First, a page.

Five years after the Tōhoku tsunami triggered the second-worst nuclear accident in history, the cleanup team at Fukushima Daiichi Nuclear Power Station has yet to stem the buildup of contaminated water at the site or determine the precise location of much of the reactor fuel.
The cleanup team is still struggling to halt the buildup of contaminated water, and the techniques and equipment needed to locate, extract, and dispose of the melted fuel have yet to be developed. Given these challenges, many experts are convinced that the decommissioning process will take far longer than the official 40-year timetable-perhaps as long as a century.
One of the first things a visitor will notice upon entering the site is row upon row of massive cylindrical water tanks. Built to store some 800,000 tons of radioactive water, these 1,100 or so tanks bear witness to the epic battle that has absorbed the energies of the cleanup team for the past five years, as it struggled to contain and decontaminate radioactive water and halt its accumulation.
Rainwater and groundwater have continued to pour into the damaged basements of Units 1-4, where it mixes with the highly radioactive cooling water already inside the buildings. To stem the buildup of this contaminated water and prevent it from flowing into the ocean, TEPCO has devised a complicated patchwork of strategies aimed at solving the problem by 2020.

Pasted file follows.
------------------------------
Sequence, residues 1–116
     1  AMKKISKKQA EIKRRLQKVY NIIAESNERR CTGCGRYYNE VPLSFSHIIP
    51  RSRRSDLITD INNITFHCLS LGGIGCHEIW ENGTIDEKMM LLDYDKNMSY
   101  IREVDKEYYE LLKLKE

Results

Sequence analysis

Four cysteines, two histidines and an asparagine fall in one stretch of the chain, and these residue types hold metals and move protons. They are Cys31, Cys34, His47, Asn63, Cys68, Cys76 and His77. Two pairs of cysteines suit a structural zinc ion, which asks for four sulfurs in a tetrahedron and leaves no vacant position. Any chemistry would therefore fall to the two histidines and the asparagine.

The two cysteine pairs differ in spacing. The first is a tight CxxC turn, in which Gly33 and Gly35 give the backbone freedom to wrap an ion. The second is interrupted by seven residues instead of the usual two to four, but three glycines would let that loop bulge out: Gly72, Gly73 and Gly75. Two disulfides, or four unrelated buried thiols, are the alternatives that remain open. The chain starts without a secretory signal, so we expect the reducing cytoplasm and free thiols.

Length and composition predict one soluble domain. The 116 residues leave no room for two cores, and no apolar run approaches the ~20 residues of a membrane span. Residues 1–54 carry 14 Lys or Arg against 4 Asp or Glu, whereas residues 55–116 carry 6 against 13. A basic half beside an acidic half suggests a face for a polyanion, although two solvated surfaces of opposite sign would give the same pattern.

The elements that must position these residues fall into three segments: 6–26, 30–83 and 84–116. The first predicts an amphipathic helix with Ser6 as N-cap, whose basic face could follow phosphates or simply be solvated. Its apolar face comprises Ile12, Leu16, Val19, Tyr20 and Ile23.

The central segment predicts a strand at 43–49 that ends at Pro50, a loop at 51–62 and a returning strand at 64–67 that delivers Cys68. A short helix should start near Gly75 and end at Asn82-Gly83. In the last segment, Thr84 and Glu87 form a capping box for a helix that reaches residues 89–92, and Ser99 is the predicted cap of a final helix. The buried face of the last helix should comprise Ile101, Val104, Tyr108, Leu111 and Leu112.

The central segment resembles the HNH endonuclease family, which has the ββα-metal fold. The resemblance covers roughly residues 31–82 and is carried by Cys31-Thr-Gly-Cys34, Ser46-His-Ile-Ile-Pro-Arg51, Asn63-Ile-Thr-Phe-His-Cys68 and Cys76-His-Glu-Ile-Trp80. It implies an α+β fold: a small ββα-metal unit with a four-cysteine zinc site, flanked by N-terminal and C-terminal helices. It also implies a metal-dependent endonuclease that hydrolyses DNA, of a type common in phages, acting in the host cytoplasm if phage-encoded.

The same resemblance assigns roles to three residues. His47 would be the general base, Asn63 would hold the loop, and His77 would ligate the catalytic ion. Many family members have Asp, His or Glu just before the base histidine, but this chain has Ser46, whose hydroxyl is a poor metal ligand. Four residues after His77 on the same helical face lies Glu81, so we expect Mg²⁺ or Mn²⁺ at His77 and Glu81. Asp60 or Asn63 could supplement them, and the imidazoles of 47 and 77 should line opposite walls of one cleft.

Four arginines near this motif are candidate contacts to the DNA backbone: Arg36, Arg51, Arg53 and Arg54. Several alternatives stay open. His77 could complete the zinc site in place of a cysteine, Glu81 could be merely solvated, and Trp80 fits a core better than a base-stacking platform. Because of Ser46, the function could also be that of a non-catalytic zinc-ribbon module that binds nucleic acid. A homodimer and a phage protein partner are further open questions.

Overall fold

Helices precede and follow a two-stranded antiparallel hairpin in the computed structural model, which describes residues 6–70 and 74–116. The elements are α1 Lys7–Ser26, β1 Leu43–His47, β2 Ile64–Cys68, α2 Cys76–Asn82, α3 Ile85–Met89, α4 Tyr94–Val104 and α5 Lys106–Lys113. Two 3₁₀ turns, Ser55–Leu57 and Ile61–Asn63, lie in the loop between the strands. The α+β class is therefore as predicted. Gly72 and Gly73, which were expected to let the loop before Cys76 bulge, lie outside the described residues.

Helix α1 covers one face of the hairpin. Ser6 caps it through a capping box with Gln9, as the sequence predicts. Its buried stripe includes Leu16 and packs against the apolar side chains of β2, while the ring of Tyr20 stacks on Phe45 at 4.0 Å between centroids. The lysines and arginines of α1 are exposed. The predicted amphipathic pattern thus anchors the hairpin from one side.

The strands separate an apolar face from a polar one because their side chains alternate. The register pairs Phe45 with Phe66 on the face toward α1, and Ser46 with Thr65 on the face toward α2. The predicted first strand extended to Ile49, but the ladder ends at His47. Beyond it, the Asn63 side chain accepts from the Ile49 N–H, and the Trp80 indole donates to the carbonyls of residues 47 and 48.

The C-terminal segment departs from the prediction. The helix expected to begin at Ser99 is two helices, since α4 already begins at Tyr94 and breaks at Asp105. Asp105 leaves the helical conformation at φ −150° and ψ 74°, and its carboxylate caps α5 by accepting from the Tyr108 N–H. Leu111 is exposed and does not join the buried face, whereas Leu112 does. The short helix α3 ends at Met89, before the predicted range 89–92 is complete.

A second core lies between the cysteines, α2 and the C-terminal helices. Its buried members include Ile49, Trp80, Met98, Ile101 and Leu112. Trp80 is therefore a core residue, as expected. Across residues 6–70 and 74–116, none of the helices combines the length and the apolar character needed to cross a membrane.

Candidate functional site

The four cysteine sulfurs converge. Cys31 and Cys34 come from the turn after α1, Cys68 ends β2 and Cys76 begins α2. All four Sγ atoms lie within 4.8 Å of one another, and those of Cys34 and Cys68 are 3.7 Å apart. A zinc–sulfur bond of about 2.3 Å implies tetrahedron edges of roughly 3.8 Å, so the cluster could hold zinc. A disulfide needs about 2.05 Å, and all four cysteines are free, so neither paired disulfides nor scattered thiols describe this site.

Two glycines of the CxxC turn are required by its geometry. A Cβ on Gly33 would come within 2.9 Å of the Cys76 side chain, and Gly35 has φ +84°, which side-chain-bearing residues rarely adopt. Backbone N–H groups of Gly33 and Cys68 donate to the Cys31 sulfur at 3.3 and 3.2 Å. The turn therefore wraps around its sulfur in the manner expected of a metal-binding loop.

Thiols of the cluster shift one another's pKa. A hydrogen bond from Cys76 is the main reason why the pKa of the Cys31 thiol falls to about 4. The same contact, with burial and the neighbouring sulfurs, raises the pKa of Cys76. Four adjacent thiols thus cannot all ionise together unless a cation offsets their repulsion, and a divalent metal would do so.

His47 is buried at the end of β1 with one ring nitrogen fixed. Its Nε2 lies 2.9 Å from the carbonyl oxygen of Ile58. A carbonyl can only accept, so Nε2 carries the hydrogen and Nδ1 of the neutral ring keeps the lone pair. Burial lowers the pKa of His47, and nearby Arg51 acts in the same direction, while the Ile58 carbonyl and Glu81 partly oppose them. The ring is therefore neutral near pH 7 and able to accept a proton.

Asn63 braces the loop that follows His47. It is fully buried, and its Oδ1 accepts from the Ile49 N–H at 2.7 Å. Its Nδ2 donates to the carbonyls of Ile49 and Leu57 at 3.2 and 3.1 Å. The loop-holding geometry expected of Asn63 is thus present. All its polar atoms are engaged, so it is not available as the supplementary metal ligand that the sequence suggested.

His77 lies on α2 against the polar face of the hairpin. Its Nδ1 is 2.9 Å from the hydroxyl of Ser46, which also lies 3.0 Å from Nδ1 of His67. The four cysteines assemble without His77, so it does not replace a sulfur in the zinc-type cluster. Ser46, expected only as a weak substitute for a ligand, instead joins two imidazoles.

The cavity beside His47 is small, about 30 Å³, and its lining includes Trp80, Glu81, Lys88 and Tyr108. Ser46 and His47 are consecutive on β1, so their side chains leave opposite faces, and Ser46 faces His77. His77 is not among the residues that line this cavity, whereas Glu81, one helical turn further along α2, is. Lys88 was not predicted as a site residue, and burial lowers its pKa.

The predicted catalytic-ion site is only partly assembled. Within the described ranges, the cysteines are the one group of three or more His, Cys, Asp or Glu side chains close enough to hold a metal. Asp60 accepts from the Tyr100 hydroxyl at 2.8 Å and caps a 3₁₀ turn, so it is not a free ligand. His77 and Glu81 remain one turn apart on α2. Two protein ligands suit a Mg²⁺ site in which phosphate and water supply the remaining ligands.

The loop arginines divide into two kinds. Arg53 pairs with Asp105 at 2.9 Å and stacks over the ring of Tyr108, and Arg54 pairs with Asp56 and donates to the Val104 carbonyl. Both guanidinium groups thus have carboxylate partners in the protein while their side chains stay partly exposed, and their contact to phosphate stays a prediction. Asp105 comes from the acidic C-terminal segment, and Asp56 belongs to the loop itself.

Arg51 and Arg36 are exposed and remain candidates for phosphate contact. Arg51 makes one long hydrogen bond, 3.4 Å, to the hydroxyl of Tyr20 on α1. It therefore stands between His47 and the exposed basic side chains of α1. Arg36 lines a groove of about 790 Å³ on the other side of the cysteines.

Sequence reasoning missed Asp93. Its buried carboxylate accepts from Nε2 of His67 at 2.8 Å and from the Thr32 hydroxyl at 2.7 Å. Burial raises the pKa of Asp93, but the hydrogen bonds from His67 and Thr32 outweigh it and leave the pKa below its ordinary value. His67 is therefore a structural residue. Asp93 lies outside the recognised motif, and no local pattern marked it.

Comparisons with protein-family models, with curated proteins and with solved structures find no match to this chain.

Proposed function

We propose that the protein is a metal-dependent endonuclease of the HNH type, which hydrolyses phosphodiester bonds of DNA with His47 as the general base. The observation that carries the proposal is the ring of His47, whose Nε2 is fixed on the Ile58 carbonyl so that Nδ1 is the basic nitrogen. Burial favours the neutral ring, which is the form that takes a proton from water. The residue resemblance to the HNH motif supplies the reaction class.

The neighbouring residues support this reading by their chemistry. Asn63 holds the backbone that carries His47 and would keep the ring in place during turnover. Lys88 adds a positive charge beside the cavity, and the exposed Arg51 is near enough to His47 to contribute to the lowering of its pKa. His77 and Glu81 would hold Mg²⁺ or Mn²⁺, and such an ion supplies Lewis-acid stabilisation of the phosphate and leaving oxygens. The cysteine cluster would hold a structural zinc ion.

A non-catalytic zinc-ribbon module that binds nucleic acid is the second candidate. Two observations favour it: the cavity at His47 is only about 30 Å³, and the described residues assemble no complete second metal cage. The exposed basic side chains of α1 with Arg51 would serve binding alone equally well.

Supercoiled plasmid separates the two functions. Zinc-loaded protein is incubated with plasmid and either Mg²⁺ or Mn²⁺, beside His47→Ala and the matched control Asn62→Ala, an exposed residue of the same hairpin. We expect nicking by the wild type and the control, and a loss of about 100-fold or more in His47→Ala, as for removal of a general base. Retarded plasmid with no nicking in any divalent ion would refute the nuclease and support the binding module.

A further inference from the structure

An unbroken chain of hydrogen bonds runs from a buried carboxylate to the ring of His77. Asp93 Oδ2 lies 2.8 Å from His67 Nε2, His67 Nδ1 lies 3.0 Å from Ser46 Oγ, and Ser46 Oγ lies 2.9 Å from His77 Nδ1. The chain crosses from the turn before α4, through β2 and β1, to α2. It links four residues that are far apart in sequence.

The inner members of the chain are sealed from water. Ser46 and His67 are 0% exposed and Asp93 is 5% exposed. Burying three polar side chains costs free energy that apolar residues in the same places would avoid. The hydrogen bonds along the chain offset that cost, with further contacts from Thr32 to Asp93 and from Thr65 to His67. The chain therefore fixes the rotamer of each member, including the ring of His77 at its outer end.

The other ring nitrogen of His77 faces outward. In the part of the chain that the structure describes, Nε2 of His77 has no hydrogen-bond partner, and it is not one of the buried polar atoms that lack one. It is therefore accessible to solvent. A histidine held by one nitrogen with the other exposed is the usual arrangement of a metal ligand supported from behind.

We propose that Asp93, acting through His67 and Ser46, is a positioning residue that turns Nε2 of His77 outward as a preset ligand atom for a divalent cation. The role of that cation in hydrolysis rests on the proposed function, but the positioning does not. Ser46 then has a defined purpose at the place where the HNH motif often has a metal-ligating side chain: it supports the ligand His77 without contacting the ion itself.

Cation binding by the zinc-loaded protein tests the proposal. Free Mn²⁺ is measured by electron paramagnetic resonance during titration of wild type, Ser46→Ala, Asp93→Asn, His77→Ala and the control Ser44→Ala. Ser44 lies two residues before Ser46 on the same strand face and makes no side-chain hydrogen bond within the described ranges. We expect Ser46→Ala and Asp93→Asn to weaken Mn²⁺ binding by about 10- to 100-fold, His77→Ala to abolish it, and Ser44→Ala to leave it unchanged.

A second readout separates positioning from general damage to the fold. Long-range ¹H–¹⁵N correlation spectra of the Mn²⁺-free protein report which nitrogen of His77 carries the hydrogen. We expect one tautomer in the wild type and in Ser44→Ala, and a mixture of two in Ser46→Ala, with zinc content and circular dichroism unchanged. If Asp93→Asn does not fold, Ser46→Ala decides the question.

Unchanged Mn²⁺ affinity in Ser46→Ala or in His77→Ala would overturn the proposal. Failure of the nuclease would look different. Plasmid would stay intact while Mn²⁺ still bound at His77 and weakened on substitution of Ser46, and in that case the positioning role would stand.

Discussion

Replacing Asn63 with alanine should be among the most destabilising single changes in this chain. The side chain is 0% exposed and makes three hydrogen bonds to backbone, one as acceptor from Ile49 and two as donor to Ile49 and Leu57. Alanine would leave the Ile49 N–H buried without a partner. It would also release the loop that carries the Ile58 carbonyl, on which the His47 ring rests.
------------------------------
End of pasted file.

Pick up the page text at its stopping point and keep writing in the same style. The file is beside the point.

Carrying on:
The pillars of TEPCO's water management efforts to date are two systems for channeling groundwater away from the contaminated basements and releasing it into the ocean relatively free of radioactive contaminants. One, the groundwater bypass system, collects water in wells dug between the reactor buildings and the hills to the west. The water is pumped up from the wells, tested, and eventually released into the ocean. The other, called the subdrain system, uses wells dug around the perimeter of the reactor buildings. So far, TEPCO has discharged some 230,000 tons of water into the ocean using these two methods combined. Even so, groundwater continues to pour into the buildings' basements at the rate of about 150 tons a day.
The "Yuzushio Ramen" noodle soup of Tochigi Prefecture, eastern Japan, has won the top prize in the country's first popularity contest of local foods sold at "michi no eki" roadside stations serving as rest areas and commercial facilities. (Jiji Press)
Bronze coins that were dug up at the Katsuren Castle Remains in the city of Uruma in Okinawa Prefecture have been identified as those of the Roman Empire, the city's education board said Monday. (Jiji Press)
The government adopted at a cabinet meeting Monday a bill to enable a government-affiliated institution to provide loans to finance part of the construction of Central Japan Railway Co.'s magnetic levitation Shinkansen high-speed train line.